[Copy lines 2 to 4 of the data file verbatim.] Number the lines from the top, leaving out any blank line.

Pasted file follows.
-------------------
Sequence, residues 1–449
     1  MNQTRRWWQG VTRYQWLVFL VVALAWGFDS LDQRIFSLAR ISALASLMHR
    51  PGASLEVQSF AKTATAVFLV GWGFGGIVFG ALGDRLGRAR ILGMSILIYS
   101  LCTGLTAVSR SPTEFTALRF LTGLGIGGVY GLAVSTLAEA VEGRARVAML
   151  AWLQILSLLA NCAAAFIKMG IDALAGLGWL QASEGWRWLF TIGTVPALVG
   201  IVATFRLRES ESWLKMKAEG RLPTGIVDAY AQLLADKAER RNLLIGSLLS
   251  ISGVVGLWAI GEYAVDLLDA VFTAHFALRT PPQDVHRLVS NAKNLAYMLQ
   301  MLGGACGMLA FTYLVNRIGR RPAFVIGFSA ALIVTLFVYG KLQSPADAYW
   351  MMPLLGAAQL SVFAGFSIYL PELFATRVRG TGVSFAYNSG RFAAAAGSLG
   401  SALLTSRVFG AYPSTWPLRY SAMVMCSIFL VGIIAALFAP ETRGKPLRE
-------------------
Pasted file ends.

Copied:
     1  MNQTRRWWQG VTRYQWLVFL VVALAWGFDS LDQRIFSLAR ISALASLMHR
    51  PGASLEVQSF AKTATAVFLV GWGFGGIVFG ALGDRLGRAR ILGMSILIYS
   101  LCTGLTAVSR SPTEFTALRF LTGLGIGGVY GLAVSTLAEA VEGRARVAML